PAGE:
3 Federated Integration of Replicated Information within Hospitals The electronic medical record The purpose of electronic medical records is to store the information about patients that is generated by physicians, nurses, hospital administrators, etc. The information that originates from diagnosis and therapy is a central concern. Goals of digitizing medical records are, for instance, improving medical treatment of patients and the computerized evaluation of patient data to support research in medicine. Electronic medical records are not merely automated forms of today's paper-based medical records, but encompass the entire scope of health information in all media forms. Thus electronic medical records may include medical history, current medications, laboratory test results, X-ray lms, etc. The electronic medical record has several advantages over the conventional paper-based medical record, including: { Patient information is available at several working places at the same time. { The information is available within a short time. This is important in case of emergency. { Acquisition of data may beimproved by the use of advanced user interfaces. { Reuse of results of medical operations is supported, even over the lifetime of a patient. This may relieve patients from being checked with the same medical operations several times. { Medical research is supported. An application area is the control of the results of specic therapies (Ullrich, Hasselbring, Jahnke, Roser, and Christmann 1996). However, the electronic medical record also has its disadvantages: { It requires a larger initial investment than its paper counterpart because of hardware, software and training costs for the personnel. { Capturing the physician-collected data for an electronic medical record can require a lot of time and eort: physicians often use a great deal of information to make one decision. New techniques to facilitate direct entry of such information (e.g. speech input) can reduce this problem. { It is only possible to read and enter patient data where computer terminals are available. Mobile computing is a solution for this problem. For a discussion of problems and solutions of mobile computing refer to Imielinski and Badrinath (1994). { Data security may be a problem when the system administration is not done carefully and responsibly. Access control will be discussed in Sect Standards for hospital information systems There exist several initiatives for standardizing healthcare systems (Bakker, Hammond, and Ball 1995 Mc- Donald 1995). Standards are under development for transferring information across subsystems, codifying text, describing the content of the medical record, etc. The following subsections take a short look at four standardization initiatives which are related to our work: the HL7 protocol, CORBAmed of the Object Management Group, coding systems for medical information, and the European healthcare standards organization eorts The Health Level 7 protocol The Health Level 7 (HL7) protocol has been designed to standardize the data transfer within hospitals (Hammond 1993). It is an application level protocol and so relates to level seven of the ISO/OSI-protocol hierarchy (Tanenbaum 1996), but does not fully concur with the ISO standard. HL7 covers various aspects of data exchange in HISs, e.g. admission, discharge and transfer of patients, as well as the exchange of analysis and treatment data. The HL7 standard represents hospital related transactions as standardized messages. HL7 is a de-facto standard for data exchange between commercial systems for hospitals (McDonald 1995). HL7 denes messages as strings to be exchanged by subsystems. The messages themselves contain standardized information, but do not invoke specic methods at the destination. In Sect. 3, we will discuss how subsystems are usually connected within hospitals through communication servers. Some communication servers for hospitals support standard protocols such as HL7. The current version of the HL7 protocol (2.2) does not cover all requirements of hospital applications. For instance, the exchange of images is not supported. ACR- NEMA DICOM (Bidgood and Horii 1992) is a standard for transmitting medical images, which can be used for this purpose CORBAmed of the Object Management Group CORBA is the `Common Object Request Broker Architecture' of the Object Management Group to standardize interoperability among heterogeneous hardware and software systems (Mowbray and Zahavi 1995). Simply stated, CORBA allows applications to communicate with one another no matter where they are located or who has designed them. CORBA denes the Interface Denition Language (IDL) and the Application Programming Interfaces (API) that enable client/server object interaction within a specic implementation of an Object Request Broker (ORB). CORBA also denes interoperability by specifying how ORBs from dierent vendors can interoperate. The ORB is the middleware that establishes the client-server relationships between objects. Clients can transparently invoke a method on a server object, which can be on the same machine or across a network. The ORB intercepts the call and is responsible for nding an object that can accept the request, pass it the parameters, invoke its method, and return the results. The client does not have to be aware of where the object is located, its programming language, its operating system, or any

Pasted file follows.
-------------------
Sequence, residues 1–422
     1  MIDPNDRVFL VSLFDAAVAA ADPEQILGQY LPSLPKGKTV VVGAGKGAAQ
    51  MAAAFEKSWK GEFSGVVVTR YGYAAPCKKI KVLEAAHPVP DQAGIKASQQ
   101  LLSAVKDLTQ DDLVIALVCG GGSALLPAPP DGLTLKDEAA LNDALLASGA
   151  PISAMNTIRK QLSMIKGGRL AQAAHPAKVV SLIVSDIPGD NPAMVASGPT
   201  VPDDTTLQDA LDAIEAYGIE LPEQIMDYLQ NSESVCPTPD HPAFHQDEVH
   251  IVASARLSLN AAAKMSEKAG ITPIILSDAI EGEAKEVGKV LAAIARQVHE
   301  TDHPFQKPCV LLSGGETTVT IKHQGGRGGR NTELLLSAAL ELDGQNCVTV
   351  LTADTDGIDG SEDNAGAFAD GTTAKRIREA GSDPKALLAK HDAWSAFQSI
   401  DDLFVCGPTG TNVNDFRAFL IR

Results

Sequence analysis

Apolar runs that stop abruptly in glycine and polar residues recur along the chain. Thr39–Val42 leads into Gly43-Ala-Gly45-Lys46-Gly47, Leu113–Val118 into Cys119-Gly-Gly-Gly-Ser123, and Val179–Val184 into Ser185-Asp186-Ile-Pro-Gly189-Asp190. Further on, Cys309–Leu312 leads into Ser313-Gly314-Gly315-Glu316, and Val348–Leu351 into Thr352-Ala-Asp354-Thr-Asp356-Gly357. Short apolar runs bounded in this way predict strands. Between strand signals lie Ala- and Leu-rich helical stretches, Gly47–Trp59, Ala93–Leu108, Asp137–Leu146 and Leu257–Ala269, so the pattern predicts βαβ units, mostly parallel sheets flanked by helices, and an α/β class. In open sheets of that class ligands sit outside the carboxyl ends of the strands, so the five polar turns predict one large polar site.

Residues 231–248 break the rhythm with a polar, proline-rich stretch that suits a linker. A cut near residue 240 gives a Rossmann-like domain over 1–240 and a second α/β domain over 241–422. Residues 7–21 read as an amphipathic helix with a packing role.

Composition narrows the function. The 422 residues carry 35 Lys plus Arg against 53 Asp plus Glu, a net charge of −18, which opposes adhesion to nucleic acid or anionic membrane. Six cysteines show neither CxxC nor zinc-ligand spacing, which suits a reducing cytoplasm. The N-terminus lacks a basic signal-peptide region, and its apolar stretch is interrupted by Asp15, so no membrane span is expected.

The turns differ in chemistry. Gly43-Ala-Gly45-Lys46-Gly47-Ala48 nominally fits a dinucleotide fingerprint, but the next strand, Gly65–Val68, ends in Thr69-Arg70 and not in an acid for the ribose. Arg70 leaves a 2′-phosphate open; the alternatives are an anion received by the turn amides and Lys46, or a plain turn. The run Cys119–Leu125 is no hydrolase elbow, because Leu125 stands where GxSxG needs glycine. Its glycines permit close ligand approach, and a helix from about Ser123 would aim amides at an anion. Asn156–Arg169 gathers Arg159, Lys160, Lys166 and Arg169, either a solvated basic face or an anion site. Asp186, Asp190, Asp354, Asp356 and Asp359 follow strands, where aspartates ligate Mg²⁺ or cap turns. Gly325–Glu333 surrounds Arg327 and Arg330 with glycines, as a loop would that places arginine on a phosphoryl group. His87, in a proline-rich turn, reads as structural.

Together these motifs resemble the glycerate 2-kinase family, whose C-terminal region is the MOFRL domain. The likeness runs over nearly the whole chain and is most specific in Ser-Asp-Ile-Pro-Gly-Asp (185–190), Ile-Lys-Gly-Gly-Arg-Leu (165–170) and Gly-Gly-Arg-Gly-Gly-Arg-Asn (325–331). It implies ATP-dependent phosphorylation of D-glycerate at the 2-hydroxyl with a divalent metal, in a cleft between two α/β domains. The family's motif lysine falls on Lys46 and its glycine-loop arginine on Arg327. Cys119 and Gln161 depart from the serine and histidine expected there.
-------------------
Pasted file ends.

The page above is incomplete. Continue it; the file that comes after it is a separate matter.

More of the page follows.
4 4 Wilhelm Hasselbring other system aspects that are not part of an object's interface. CORBAmed is the Healthcare Special Interest Group for CORBA. In 1996, CORBAmed started the process of adopting standard interfaces for healthcare related objects by issuing a `request for information' which requested the healthcare and information technology industry to give the OMG guidance in its upcoming standardization eorts for CORBAmed. It can be expected that the CORBAmed services within the CORBA framework will be an important standard for the interoperation among subsystems in hospitals (Sokolowski 1997). However, in the current stage of standardization it is not clear what exactly CORBAmed will contribute to the challenge of integrating information within hospitals. The HL7 Special Interest Group for Object Brokering Technologies is mapping the forthcoming version 2.3 of HL7 to the IDL of CORBA and version 3 of HL7 will be based on a structurally object-oriented model of the underlying data (Rishel and Quinn 1996). So, we can expect a combination of CORBAmed and HL7 in the future Coding systems for medical vocabulary Several initiatives for standardizing coding systems for medical vocabulary exist. The Systematized Nomenclature of Human and Veterinary Medicine (SNOMED) is a code structure which is widely accepted for describing pathological test results (Campbell and Musen 1992). It has a multi-axial coding structure for symptoms, diagnoses, procedures, etc. The Unied Medical Language System (UMLS) (Lindberg, Humphreys, and McGray 1993) contains a metathesaurus that links biomedical terminology, semantics, and formats of the major clinical coding and reference systems. It links medical terms (e.g. SNOMED) to so-called medical index subject headings (MeSH codes) and to each other.theumlsalsocontains a specialist lexicon, a semantic network, and an information sources map. Together, these elements are intended to represent all of the codes, vocabularies, terms, and concepts to become a foundation for the medical informatics infrastructure (Lindberg, Humphreys, and McGray 1993). These coding systems are used to encode medical information independent of any specic natural language. They can, for instance, be used to allow the exchange of medical records across dierent language areas The European Committee for Standardisation Working Group 1 on `Healthcare Information Modelling and Medical Records' of the European Committee for Standardisation CEN TC 251 recently dened a general architecture which is intended as a basis both for the comparison, evolution and integration of existing systems as well as for the planning and high-level design of new open and modular systems of healthcare organizations. To quote from the `Healthcare Information System Architecture' pre-standard (CEN TC/251 Working Group ): \[:::] with respect to the denition of the architecture for a healthcare information system, it is enough to notice that, at a high level of abstraction, any healthcare organisation can be described by means of a federative model, as a set organisational components, mutually interacting for the eective delivery of services. By rening this concept, it can be also realised that each organisational component of the healthcare enterprise has a certain level of autonomy and independence, in terms of information managed and activities supported, which can vary according to the specic organisational, clinical and logistical characteristics of the individual centre and, even within the same centre, according to the specic aspects of the individual units. [:::] Finally, it is important to stress that the architecture should not prescribe a certain organisational form, rather, it should allow system structures that may align to dierent organisational structures. A federated architecture does not dictate a specic organisational structure, it provides a exibility for the structuring of systems so that the information technology infrastructure may follow the adopted organisational structure." In CEN TC/251 Working Group 1 (1997), the proposed basic `Conceptual Architectural Framework' is structured in three layers. We will relate these layers to the federated architecture which will be presented in Sect Current state of the art: connecting subsystems within hospitals through communication servers To connect heterogeneous subsystems in hospitals, communication servers are often deployed (Lange, Osada, Prokosch, and Hasselbring 1996). Figure 2 displays an example conguration of a HIS with a central communication server. In this conguration, a laboratory, a radiology, two wards, an administration, and a pharmacy application are connected by the server. The communication server enables the subsystems to send messages to each other. Each subsystem is connected to the communication server and sends messages only to this server. The communication server determines the receivers and forwards the messages. Hospital communication servers usually support standard protocols such as HL7 (see Sect ) and the translation across dierent protocols when forwarding messages. The requirement for building complex systems that combine heterogeneous subsystems can be met at the low level of interconnectivity or at the higher level of interoperability (Pitoura, Bukhres, and Elmagarmid 1995). Interconnectivity simply supports system communication, while interoperability additionally supports systems to cooperate in the joint execution of tasks. A communication server primarily supports interconnectivity: the subsystems themselves